Electric vehicle hopeful Faraday Future (FF), which recently decided to put its $1 billion factory development in Las Vegas on hold, has found an existing facility in Hanford, California that it says will put it on a faster path to production.
The company has already signed the lease for the 1m sq.m facility, located half way between Los Angeles and Silicon Valley, and has begun the process of clean-up to prepare the new site for manufacturing equipment.
According to media reports, the building was originally established in 1962 as an Armstrong Rubber tyre factory. Italian tyre maker Pirelli is said to have acquired it in 1985, before shutting it in 2001.
The current tenant, who has not been named, will move out in November. Faraday said it expected “significant movement to ramp up on site in early 2018”.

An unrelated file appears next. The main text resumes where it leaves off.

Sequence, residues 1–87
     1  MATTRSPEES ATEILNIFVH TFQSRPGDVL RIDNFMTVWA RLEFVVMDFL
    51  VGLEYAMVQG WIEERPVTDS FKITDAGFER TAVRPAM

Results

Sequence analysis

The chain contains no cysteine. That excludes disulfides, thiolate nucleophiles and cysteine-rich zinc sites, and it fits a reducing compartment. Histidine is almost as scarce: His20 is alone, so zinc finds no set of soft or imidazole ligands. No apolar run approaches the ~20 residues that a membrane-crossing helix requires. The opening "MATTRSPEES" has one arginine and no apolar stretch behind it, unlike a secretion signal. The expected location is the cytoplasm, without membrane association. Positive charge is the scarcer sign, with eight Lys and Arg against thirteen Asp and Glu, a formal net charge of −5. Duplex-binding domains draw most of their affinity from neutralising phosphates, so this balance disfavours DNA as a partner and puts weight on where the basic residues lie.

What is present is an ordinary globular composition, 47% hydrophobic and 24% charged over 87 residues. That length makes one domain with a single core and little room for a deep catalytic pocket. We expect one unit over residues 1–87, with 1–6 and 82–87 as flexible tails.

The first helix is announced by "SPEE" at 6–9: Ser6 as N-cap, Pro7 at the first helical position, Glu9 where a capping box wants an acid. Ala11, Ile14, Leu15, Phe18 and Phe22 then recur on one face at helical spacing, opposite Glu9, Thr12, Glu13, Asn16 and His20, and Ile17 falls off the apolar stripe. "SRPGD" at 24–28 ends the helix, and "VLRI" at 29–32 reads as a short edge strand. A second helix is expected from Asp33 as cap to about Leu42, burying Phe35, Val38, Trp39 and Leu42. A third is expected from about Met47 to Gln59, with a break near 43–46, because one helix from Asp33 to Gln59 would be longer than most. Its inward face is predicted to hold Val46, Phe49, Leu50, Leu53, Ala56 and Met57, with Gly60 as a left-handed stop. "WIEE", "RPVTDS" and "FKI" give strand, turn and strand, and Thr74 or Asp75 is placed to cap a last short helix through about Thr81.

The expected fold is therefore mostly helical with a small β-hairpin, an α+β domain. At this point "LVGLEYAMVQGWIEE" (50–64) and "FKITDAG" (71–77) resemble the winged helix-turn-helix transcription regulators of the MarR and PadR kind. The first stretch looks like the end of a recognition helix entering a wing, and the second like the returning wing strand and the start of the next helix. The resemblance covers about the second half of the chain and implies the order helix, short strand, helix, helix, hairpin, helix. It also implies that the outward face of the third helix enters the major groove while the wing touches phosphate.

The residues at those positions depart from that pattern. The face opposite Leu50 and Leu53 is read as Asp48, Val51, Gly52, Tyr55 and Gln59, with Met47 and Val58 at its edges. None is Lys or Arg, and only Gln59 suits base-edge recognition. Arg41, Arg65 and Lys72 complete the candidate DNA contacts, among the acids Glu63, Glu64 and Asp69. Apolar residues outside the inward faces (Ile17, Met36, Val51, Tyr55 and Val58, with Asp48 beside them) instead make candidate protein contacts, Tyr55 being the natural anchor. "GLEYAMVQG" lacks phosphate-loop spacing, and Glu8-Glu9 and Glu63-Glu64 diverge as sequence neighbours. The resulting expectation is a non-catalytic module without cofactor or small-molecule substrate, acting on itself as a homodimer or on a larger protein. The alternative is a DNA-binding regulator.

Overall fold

“The facility marks another significant step forward for the company in delivering its first production vehicle, FF 91, to market by the end of 2018,” said the company in a statement.
Online publication Business Insider recently cited CFO and former BMW executive Stefan Krause saying the company was seeking $1 billion in funding from investors and that gaining an existing facility was a key element of achieving this. The company’s existing Chinese backers are reportedly experiencing financial difficulties.
Following the latest news about the Hanford plant, the company said: “This new production facility establishes the best path forward for the company’s manufacturing plans and focuses on building out the company’s network of investors to diversify FF’s funding strategy.”
Business Insider also said the company had put up its Los Angeles-area headquarters as collateral to secure a $14m loan to finish vehicle development and get its new California site up and running.
In other news last month, Faraday announced it had hired Ulrich Kranz (pictured, far right) as chief technology officer. Kranz led BMW’s i electric vehicle project, which has launched the i8 and i3 models.